The Social Life of Small Urban Spaces

A quick book overview of this gem from 1980

tl;dr read this book

This past week, I stumbled upon The Social Life of Small Urban Spaces while watching an online chat between Instagram founder Mike Krieger and artist / sculptor Tom Sachs. While discussing company culture, Tom recommends his video series 10 bullets (another absolute masterpiece) as a must-see before applying to work in his studio. In response, Mike mentions the little gem from the 80s that this post is about.

Already interested in urbanism, I soon after googled the book and started reading it during my daily commute. The central topic of Whyte’s research are the lively urban plazas of NYC. I might not be in the Big Apple, but São Paulo is just as chaotic and diverse. Everyday after showering and grabbing breakfast, I walk down to my bus stop where I grab the 857R line to work. The 40-minute commute that ensues involves traversing all 4 kilometers of Avenida Paulista, an epitome of this city.

Av. Paulista

The former commercial center of São Paulo houses a variety environments, from botecos like Charme Paulista, packed with students having a beer after class, to MASP, a symbol of Brazilian architectural modernism and home to the nation’s most prized art collections. It is also the city’s main stage for manifestations, hosting massive political protests and the world’s largest Pride Parade. Most importantly, it’s a symbol of São Paulo’s diversity and disparity.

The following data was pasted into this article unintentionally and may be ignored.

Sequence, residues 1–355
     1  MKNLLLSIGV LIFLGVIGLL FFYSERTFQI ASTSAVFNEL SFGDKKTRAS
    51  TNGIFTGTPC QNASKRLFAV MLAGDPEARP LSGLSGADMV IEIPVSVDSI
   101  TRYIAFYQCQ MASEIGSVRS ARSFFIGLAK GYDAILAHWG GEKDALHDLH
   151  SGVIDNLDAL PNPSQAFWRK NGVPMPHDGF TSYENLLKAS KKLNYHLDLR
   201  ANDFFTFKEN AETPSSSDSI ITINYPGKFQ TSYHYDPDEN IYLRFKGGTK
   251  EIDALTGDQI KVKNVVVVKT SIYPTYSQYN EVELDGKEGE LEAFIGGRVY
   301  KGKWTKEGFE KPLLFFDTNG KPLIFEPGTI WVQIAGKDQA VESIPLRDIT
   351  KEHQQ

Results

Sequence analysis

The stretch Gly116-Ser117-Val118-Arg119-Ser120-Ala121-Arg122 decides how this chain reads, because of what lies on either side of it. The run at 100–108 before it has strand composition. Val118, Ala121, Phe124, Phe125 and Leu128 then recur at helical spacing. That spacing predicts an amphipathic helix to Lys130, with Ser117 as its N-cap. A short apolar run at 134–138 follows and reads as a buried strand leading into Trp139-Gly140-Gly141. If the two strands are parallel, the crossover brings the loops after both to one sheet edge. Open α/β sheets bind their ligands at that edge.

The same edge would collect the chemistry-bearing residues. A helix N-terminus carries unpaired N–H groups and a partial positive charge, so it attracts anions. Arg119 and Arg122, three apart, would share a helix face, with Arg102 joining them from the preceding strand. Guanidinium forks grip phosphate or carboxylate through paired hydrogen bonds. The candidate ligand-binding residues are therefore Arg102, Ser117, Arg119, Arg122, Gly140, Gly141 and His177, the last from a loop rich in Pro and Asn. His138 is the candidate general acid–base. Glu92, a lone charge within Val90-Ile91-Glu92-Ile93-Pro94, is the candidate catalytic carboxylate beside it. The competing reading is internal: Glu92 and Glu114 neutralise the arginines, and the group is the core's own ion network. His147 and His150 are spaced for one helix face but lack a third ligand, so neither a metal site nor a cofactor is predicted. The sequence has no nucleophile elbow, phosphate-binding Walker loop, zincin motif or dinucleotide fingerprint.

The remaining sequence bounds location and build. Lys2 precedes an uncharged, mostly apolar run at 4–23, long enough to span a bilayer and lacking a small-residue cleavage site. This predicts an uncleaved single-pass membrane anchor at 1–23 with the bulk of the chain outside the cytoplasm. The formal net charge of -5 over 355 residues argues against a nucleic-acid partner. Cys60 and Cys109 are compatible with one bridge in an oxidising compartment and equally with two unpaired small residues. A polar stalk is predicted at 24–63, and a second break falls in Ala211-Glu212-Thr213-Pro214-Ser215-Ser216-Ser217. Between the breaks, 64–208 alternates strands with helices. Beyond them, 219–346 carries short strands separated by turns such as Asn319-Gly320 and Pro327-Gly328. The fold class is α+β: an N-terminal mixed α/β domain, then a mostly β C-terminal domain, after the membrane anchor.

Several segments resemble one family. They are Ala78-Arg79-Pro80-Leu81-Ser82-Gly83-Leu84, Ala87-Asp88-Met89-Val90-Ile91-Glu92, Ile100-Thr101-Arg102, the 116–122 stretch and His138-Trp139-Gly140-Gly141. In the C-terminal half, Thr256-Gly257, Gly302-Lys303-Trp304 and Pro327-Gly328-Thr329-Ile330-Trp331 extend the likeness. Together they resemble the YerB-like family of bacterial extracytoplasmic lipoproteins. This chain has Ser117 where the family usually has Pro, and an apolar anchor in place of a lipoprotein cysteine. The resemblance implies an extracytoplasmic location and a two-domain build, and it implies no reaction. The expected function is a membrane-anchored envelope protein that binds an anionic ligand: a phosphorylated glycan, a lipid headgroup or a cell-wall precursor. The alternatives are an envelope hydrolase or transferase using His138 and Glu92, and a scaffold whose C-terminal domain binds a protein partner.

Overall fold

As I read chapters with title such as Sitting Space and The “Undesirables”, I started to immediately see that Whyte’s analysis of the distinct factors that make urban spaces thrive were perfectly applicable to the reality outside of my bus window. He was able to coherently formulate why I love urban life so much and formalize my ranting about the perils of suburbia and basic tourists. For those of you who haven’t heard my ongoing rant, the quote below is a nice summary.

“As a result, some American cities now have two cities — regular city and visitor city. It is the same as it is everywhere. You could be in a foreign country or on a space satellite.”

Curiously, the insights were not only regarding urbanism — his whole methodology was a phenomenal example of product design and what data-driven user research should be. As a software engineer with continuous interaction with our design team, I’ve grown increasingly interested in UX / UI. Two great quotes that I saved are:

“Forced choice is rarely chosen.”
“Lack of guidelines does not give builders and architects more freedom. It reinforces convention.”
NYC in the 80's

Overall, the book is great. It’s a quick and very insightful read for anyone interested in design. Worst case scenario, you skim through it and see some amazing pictures of New York in the 80's.

PS: a pdf of the first chapters is available at: